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Ann Thorac Surg. 1992 Feb;53(2):207-15; discussion 216.

Calcification of porcine valves: a successful new method of antimineralization.

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Carlyle Fraser Heart Center, Crawford Long Hospital, Emory University, Atlanta, Georgia.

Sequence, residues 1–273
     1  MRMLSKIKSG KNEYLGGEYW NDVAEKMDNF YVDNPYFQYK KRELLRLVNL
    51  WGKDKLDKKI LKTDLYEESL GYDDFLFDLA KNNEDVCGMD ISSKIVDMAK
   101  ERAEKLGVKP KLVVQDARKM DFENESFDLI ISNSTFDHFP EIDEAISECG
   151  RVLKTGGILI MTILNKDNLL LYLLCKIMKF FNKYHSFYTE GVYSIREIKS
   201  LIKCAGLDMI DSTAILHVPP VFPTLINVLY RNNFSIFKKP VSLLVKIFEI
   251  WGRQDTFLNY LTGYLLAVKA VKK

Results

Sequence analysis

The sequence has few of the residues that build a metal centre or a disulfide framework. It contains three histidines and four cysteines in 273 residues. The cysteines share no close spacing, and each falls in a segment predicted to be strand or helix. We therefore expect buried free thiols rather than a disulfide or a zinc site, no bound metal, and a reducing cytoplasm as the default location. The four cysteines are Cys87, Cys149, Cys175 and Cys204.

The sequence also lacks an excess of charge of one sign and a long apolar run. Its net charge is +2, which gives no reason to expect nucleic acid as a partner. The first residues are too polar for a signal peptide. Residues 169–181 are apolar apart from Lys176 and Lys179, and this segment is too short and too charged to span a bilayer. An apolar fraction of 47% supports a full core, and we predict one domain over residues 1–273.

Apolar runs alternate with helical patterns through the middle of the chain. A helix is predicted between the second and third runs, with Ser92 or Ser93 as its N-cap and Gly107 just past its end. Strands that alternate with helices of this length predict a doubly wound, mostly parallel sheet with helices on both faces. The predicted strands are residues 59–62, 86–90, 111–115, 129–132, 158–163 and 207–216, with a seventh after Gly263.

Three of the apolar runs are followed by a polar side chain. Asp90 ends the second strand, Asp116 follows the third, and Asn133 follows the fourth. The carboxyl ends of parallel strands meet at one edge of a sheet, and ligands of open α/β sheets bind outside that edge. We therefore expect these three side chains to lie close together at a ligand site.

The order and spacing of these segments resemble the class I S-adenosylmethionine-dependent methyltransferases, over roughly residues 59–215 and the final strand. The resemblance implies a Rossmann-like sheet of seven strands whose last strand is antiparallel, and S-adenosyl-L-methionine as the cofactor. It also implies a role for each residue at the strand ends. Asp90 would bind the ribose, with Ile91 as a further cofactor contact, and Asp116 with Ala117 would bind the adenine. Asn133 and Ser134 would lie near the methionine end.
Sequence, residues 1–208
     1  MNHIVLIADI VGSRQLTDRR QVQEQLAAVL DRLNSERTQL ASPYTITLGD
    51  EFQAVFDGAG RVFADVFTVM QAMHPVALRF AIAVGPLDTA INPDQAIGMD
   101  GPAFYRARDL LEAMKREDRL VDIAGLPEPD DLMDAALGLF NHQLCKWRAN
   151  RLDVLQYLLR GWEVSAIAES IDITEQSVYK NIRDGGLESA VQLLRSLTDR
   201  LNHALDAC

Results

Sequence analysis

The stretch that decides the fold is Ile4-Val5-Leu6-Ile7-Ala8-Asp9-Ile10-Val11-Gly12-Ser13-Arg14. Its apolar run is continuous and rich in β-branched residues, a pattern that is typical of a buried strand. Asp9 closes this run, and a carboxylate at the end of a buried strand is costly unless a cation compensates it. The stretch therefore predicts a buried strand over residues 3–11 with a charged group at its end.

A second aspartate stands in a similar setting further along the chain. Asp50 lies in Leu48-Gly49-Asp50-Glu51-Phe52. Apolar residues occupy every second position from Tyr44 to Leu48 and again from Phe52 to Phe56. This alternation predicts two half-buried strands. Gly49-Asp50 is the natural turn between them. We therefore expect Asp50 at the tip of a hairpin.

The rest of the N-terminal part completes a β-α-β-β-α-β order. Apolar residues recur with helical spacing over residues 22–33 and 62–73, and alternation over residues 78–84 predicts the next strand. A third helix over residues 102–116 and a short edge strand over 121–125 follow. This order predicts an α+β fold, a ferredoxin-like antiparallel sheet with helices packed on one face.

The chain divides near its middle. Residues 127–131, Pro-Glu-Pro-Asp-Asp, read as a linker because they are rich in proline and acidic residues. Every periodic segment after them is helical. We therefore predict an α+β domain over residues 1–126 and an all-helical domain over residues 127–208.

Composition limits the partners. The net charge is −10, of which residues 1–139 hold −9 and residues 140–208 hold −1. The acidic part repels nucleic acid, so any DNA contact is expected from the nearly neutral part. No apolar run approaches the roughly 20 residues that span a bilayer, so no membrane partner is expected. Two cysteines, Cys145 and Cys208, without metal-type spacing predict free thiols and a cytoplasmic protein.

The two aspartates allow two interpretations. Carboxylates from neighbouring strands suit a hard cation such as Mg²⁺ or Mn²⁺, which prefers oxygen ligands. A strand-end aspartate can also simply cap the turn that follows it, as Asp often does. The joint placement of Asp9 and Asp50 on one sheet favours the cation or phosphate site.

Despite distinct advantages over mechanical cardiac valve prostheses, the use of bioprosthetic valves remains limited due to poor long-term durability, primarily as a result of tissue calcification. A novel anticalcification process, based on treatment of porcine bioprostheses with a derivative of oleic acid, has been developed by one of us (J.M.G.) (US Patent Number 4,976,733). This process employing 2-aminooleic acid (AOA) was tested in a juvenile sheep model. Terminal studies after a 20-week interval included hemodynamic, radiographic, morphologic, and quantitative tissue calcium analyses. All control valves (n = 4) had thickened, immobile, heavily calcified leaflets, whereas all AOA-treated valves (n = 8) were pliable and free of calcium deposits. Calculated valve orifice areas for controls (0.9 +/- 0.2 cm2) (mean +/- standard error of the mean) was less than for AOA-treated valves (2.0 +/- 0.3 cm2) (p less than 0.05). Radiographic calcification scores were greatly elevated in the control (25.5 +/- 5.6) versus AOA-treated valves (0.5 +/- 0.5) (p less than 0.002). In quantitative mineralization studies, the mean calcium content of the control leaflets was 129 +/- 21 milligrams per gram dry weight cusp tissue versus 7.7 +/- 5.8 mg/g for AOA-treated valves (p less than 0.001). Pathologic examination confirmed heavy calcification in the control leaflets, which was essentially absent in the AOA-treated leaflets. However, cuspal hematomas in areas of structural loosening and surface roughening were noted in AOA-treated valves. This anticalcification process dramatically reduced mineralization of porcine valve prostheses in this model.

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